The programme finished with a piano duet version of Gershwin’s famous Rhapsody in Blue, better known in its original version for piano and orchestra. Indeed the work loses something of its variety of colour in this version for duet. Nevertheless, it was played with great style and made a very suitable climax to the evening’s music.
It was most fitting because George Gershwin died at the age of 38 from a brain tumour, thus cutting short a very flourishing career. Berendina’s own son died of a brain tumour in 2000 at the age of 14, while the Town Mayor’s son-in-law suffered the same fate. The concert, appropriately, was to raise money for The Brain Tumour Charity which will remain the Mayor’s Charity of choice throughout her year in office. This was a worthy and most enjoyable start - a very successful concert.
A reconstruction of 17th century life at The Merchant's House in MarlboroughThree of the Marlborough area’s cultural landmarks will be throwing their doors open next weekend for Heritage Open Days.
Wilton Windmill – the last working windmill in Wessex - will hold an open day on Sunday, September 13 from noon until 5pm. Children’s games and free guided tours are all aprt of the package.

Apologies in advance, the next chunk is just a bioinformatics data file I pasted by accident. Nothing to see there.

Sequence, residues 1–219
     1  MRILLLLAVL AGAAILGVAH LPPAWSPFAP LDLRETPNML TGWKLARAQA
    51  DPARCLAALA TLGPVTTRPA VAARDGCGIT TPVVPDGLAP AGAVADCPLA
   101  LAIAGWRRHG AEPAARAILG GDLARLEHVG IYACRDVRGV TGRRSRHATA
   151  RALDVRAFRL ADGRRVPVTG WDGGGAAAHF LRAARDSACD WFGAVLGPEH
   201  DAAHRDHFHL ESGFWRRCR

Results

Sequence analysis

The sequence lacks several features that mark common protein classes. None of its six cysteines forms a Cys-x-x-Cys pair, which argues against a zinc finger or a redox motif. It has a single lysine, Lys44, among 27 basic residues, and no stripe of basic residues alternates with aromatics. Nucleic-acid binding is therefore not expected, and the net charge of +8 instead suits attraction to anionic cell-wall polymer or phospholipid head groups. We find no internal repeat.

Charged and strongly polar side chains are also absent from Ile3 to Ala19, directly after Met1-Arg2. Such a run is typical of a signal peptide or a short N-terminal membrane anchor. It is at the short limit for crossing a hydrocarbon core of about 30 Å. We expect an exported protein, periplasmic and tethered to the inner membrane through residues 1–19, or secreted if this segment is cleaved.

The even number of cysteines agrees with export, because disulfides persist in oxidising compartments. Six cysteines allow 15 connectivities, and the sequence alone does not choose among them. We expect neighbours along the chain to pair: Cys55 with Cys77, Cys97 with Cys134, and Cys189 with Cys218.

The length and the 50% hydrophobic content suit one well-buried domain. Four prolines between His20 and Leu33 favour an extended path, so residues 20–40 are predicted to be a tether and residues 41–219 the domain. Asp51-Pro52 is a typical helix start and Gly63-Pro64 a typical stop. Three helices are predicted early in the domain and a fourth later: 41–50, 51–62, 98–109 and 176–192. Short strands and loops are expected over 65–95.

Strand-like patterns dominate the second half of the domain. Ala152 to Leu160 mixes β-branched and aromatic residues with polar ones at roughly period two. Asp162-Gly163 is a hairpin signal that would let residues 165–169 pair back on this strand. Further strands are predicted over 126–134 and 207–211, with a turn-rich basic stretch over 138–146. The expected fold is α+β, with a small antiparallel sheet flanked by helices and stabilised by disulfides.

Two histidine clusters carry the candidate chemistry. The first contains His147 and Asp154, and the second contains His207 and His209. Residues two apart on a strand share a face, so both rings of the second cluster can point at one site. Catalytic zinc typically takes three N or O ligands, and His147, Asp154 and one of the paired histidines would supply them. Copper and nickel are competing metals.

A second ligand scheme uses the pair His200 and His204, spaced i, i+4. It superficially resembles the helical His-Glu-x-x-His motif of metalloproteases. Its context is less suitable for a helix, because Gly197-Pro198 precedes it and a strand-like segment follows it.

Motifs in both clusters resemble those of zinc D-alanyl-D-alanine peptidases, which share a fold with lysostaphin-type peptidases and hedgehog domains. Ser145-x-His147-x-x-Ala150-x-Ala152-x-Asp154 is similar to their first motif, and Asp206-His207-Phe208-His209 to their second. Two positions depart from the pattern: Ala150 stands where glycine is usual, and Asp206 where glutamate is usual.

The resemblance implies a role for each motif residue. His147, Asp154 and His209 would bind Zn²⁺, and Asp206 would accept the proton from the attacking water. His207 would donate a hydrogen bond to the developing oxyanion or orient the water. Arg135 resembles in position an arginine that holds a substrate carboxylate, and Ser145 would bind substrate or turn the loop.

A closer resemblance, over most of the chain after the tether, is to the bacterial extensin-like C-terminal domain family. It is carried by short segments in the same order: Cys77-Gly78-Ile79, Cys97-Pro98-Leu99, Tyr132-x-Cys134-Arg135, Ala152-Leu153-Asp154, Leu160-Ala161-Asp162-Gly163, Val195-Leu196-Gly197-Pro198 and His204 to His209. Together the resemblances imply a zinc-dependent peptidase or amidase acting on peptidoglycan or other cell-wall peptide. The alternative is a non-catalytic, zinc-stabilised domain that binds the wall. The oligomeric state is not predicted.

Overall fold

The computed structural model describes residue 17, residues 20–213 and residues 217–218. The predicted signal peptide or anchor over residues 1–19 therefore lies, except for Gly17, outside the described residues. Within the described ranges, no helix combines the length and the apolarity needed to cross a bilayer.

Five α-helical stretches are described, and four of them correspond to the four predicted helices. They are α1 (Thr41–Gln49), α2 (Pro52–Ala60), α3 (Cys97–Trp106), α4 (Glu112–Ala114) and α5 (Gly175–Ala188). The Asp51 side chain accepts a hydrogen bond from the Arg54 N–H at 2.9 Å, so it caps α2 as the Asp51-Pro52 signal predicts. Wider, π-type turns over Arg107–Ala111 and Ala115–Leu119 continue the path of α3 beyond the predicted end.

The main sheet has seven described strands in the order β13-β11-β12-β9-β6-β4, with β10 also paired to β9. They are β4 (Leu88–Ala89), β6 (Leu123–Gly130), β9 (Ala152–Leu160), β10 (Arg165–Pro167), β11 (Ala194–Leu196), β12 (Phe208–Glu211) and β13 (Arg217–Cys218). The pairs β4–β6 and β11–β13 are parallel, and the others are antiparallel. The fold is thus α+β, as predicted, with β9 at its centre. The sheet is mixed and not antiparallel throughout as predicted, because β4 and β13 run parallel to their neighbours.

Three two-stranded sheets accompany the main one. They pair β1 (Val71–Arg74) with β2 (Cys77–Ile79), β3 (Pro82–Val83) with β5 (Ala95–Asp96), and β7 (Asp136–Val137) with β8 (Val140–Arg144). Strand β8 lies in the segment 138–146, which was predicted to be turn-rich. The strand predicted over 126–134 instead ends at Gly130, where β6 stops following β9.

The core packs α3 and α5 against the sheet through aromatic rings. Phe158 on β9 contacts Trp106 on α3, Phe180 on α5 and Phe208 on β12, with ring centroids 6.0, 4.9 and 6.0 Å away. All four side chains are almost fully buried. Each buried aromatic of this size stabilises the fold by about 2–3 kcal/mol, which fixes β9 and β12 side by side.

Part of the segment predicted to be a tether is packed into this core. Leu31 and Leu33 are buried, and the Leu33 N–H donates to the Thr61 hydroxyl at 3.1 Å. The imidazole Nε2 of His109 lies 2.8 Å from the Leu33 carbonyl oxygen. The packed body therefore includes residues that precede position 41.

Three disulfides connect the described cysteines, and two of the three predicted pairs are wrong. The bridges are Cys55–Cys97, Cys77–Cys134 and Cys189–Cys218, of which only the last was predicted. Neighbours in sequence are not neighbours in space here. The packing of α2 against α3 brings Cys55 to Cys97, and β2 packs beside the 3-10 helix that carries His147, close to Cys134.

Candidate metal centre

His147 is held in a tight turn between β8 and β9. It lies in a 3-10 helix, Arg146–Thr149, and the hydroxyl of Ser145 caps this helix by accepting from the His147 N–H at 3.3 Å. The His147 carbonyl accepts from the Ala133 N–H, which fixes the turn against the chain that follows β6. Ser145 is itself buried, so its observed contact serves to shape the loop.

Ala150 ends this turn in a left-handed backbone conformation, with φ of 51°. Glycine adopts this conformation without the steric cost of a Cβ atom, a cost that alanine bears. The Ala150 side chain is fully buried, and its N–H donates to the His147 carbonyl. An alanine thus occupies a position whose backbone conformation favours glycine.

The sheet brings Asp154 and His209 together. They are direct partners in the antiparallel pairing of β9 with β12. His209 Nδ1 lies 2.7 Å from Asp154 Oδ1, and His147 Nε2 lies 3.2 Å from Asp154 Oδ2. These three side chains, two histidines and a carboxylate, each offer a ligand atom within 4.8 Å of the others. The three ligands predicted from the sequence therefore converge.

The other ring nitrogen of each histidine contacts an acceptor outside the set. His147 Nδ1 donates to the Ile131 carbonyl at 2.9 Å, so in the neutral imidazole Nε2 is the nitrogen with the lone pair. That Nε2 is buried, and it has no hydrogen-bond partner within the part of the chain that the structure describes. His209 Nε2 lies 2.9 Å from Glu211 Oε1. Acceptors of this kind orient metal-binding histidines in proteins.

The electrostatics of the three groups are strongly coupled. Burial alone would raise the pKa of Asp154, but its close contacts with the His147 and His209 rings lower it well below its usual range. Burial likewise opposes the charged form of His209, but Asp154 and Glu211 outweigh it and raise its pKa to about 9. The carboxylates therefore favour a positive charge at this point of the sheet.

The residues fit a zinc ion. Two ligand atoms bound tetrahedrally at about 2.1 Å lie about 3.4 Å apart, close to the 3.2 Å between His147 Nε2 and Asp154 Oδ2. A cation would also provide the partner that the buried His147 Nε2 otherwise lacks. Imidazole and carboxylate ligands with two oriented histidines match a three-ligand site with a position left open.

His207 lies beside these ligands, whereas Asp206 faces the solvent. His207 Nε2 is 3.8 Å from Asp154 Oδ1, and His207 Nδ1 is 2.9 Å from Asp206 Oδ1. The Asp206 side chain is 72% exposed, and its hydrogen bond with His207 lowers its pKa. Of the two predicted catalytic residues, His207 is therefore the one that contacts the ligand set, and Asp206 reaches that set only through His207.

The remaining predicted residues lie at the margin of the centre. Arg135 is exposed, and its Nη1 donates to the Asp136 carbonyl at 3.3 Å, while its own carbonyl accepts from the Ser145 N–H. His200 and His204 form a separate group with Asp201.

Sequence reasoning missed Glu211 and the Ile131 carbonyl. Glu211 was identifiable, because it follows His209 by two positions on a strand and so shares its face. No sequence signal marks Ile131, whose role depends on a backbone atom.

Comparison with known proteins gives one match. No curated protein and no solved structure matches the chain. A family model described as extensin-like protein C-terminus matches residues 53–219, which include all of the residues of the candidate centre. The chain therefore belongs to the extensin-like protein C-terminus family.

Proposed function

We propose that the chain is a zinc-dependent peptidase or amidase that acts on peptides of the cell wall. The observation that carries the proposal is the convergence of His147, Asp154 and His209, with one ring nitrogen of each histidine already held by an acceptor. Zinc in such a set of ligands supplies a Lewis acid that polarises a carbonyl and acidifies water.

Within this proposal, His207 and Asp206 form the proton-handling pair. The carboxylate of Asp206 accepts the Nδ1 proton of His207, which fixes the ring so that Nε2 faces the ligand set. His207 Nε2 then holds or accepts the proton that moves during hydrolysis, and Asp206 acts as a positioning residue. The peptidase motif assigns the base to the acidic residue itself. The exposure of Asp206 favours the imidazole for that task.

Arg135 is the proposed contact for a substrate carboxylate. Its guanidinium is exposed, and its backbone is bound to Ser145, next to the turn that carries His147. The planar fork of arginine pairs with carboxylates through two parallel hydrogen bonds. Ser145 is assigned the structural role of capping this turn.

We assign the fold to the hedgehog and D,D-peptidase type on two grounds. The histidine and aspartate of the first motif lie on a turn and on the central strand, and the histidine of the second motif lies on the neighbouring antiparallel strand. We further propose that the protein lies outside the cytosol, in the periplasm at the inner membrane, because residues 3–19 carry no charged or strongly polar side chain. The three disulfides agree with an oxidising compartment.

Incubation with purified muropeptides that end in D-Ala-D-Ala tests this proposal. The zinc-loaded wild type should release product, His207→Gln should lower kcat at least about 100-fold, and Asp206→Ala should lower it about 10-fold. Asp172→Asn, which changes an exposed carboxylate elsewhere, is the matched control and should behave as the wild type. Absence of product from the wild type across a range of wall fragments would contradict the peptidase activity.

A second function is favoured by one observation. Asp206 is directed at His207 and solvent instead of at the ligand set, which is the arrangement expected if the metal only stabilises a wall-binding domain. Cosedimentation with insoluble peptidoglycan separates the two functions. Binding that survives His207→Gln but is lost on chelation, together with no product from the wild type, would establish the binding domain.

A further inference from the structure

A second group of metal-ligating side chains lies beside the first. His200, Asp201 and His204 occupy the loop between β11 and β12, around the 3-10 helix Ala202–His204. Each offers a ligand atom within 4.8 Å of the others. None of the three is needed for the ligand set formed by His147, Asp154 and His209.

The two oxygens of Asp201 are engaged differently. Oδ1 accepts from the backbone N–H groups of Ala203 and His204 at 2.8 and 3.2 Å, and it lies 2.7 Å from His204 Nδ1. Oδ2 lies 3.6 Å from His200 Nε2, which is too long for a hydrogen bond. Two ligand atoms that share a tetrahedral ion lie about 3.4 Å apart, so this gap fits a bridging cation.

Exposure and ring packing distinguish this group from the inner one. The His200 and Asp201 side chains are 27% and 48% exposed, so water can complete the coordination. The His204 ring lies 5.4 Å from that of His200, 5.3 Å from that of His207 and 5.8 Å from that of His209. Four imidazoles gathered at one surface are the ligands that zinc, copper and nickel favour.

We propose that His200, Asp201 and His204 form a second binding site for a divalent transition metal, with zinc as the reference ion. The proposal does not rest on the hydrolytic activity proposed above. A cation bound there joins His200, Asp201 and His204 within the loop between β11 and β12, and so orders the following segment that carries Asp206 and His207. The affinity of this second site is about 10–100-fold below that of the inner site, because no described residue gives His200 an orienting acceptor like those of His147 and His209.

Nearby, visitors will be able to see the world's oldest working beam engines at the Crofton pumping station. Although the pumping station will not be 'in steam', volunteers will be given guided tours of the facility.
The Grade I listed Crofton Beam Engines - complete with original Boulton & Watt beam engine dating from 1812, and a Harvey of Hayle Cornish beam engine built in 1846 and rebuilt in 1905 - will be open in Saturday and Sunday, September 12 and 13, from 10.30am until 4.30pm.
And entry will be free at The Merchant’s House on Sunday, September 13, with free tours starting at 10.30am, noon, and 1.130pm.
The House of Thomas Bayly was built following the Great Fire of Marlborough in 1653, and reconstructions of life in the 17th century will take place around the house and gardens.
For information about Heritage Open Days events locally and further afield, log on to www.heritageopendays.org.uk